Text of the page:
Monthly Archives: February 2015

Physician, Heal Thyself

Editing your own work is a risky proposition for all the much-discussed reasons: You’re too close to the work. You see what you meant to write rather than what is actually there. Familiarity is not your friend.

Everyone must edit his or her work to some extent, however, and self-editing is a skill that can be refined. The Artful Edit: On the Practice of Editing Yourself by Susan Bell provides a wealth of insight that should be helpful to any writer or editor. In the work, Bell lays out methods that have worked for her, but, as she says, “editing is as much an improvisation as a science,” and she supplies her readers with tools that in the end depend on “open-mindedness, courage, and stamina.”

Bell begins with a discussion on perspective and posits that you must first gain the proper perspective on a work before editing it effectively. There is always the war between what a person intends to write and what has actually been written, and you must in some ways let go of the first to effectively address the second.

Bell then delves into aspects of micro- and macro-editing, observing that most editors feel more comfortable doing one than the other. She suggests that editors should step out of their comfort zones and practice the kind of editing they feel less sure about. Many of us unconsciously revert to positions of strength, but we can all benefit from recognizing our weaknesses and consciously working at them.

Some of the most useful advice here lies in calling our attention to adjectives and adverbs, redundancy, repetition, and other flaccid language. Does our text stand up smartly and demand our attention or does it lie flat on the page?

Throughout the work, Bell illustrates her ideas with real-life examples, many of which provide interesting bits of literary history. The editor-writer relationship between F. Scott Fitzgerald and Max Perkins is particularly fascinating, but readers will also enjoy anecdotes featuring W. H. Auden, Anton Chekhov, Emily Dickinson, T. S. Eliot, and Michael Ondaatje.

While undoubtedly many will read this and still regard writing as the “fun part” and editing as a type of penance one has to serve to get something in print, this excellent guide argues persuasively that editing, of oneself or others, is where the real magic happens.


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Space, the Final Frontier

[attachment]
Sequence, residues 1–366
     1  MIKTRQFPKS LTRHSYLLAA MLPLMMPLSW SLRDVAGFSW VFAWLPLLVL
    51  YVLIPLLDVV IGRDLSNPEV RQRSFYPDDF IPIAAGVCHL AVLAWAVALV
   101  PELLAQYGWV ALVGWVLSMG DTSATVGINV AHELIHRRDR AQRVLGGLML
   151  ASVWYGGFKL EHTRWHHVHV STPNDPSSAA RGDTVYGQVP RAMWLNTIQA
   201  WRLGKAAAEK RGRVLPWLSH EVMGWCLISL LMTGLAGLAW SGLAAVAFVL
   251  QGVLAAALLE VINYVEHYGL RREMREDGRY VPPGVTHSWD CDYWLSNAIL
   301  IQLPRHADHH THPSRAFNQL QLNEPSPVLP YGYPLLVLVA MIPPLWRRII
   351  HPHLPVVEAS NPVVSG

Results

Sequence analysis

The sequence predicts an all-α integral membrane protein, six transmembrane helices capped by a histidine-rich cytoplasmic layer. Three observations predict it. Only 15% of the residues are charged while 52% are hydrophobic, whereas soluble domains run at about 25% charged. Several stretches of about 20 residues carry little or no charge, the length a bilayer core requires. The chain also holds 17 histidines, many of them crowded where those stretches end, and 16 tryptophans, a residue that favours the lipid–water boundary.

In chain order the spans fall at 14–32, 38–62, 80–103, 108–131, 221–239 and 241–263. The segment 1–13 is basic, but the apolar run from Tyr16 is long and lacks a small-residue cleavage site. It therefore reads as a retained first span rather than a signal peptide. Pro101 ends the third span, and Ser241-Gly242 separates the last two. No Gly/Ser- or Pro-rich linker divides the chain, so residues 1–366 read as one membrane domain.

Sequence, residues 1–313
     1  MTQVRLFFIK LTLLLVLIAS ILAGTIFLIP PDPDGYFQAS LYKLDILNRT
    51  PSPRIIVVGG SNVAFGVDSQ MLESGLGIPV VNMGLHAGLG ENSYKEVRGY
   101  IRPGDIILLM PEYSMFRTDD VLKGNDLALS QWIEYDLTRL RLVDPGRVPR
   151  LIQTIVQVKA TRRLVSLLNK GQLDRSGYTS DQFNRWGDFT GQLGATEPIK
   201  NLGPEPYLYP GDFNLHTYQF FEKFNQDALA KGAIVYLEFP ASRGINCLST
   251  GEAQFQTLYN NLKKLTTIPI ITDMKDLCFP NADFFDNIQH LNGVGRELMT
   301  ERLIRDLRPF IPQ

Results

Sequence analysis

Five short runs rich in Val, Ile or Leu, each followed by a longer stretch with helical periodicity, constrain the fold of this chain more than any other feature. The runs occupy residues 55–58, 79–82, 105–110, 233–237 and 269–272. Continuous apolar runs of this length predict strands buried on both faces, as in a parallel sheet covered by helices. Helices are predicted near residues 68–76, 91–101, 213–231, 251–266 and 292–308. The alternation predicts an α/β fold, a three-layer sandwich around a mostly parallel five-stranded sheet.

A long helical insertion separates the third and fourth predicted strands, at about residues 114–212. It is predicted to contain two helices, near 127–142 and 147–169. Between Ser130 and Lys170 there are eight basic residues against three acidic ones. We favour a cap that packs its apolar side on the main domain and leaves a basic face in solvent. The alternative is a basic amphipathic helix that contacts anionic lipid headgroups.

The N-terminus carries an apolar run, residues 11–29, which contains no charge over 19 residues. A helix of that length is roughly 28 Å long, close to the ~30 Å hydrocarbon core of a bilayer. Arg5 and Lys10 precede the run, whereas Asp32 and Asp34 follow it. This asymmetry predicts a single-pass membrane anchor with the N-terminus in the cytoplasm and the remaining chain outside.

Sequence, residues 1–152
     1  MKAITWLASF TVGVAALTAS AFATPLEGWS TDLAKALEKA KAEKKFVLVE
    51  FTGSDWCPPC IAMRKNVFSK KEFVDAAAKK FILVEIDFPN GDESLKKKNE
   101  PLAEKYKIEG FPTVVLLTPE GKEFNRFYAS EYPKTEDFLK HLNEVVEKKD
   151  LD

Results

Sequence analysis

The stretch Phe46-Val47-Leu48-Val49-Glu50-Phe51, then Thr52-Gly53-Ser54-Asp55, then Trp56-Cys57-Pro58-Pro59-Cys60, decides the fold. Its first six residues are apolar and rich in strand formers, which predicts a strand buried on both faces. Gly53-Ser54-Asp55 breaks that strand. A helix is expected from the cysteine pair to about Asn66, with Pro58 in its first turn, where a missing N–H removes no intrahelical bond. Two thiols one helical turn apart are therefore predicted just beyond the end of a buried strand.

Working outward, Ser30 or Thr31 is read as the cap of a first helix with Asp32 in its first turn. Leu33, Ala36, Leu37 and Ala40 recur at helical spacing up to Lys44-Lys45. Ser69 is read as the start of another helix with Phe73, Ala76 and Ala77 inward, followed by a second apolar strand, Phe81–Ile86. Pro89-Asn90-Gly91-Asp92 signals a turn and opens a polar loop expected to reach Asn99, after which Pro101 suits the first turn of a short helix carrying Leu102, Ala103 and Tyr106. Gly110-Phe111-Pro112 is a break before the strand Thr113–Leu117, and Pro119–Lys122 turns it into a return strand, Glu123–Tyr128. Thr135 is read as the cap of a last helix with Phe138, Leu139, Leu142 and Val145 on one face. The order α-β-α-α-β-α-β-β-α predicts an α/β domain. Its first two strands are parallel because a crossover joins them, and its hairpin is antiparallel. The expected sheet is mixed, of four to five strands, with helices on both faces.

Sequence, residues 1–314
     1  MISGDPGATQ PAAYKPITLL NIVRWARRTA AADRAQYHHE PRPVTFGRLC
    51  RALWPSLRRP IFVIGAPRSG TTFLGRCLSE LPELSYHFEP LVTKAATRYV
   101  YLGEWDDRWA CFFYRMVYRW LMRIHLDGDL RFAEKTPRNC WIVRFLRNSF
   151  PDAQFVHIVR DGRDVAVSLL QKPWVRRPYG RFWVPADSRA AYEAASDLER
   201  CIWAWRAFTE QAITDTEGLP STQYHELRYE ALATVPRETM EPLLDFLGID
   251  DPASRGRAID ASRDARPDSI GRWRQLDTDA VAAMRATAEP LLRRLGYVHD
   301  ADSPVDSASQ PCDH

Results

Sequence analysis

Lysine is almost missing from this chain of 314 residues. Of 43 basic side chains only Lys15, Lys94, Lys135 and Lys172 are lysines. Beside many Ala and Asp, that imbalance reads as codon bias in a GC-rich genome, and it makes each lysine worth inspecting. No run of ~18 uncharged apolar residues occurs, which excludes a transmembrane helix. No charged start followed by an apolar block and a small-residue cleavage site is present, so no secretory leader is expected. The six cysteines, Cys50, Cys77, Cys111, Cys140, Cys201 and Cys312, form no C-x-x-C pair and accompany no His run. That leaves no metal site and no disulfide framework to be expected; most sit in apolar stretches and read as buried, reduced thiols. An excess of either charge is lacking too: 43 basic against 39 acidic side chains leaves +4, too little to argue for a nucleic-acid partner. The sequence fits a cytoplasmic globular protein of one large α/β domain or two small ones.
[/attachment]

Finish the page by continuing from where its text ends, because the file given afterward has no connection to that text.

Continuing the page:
Or rather: Think for a moment about how marvelously useful spaces between words are. And cheers to that big triple-em-dash-looking thing on our keyboard: the space bar.

Without spaces, sentences are all but unreadable, and so conditioned are we to using spaces that I could not write that first sentence without them. I tried, but damned if my thumb didn’t automatically hit the space bar after every word. I almost immediately abandoned the attempt and simply typed the sentence normally and then went back and deleted the spaces.

(Latin did not employ spaces between words until sometime around 700 CE. Sales of the Aeneid must have skyrocketed.)

Good editors naturally develop the ability to spot extra spaces between words and sentences. Once you’ve honed this ability, an extra space will send up the same mental red flag as a misspelled word. Whether you know it or not, you’re already reading every space as a type of character, so the groundwork for developing this skill is already in place.

I imagine someone is about to slam down a fist and cry out, ”Let’s just be clear that there should be one space between sentences!” Or: “You’re crazy! There have always been two spaces after the period!”

Needless to say, you’ll still hear arguments about whether there should be one space or two after the period. In short, the use of two spaces after the period was a common typewriter convention. Typewriter fonts used monospace typefaces and the two spaces helped readers recognize the break between sentences. Modern fonts use proportional typefaces and one space is usually preferred, unless otherwise specified by a house style. There’s no need to get upset, and those of a confrontational bent can go back to arguing about the Oxford comma.

No matter how practiced you become at recognizing extra spaces in text, it’s always good to use all the tools at our disposal, and the Find/Replace feature on most programs is a helpful aid.

Simply type two spaces into the Find field and let the machine do its work. You can type one space into the Replace field and fix issues one at a time as the Find/Replace feature takes you through the document. You can also run a Replace All, but if doing so, be sure that there aren’t places in the document where a run of spaces hasn’t been used for another purpose.

If you are using Find/Replace to ensure one space after the period, be sure to run it again and again until it comes up with no hits. If there are instances of two spaces after the period, there’s a good chance that there will also be instances of three or more spaces as well, and running the cycle multiple times ensures you catch all of these.

To sum up: Space is a good thing, but too much can cause problems. Sounds a bit like relationship advice, doesn’t it? But then there are any number of ways editing extends beyond the page. And perhaps that’s something for another post.

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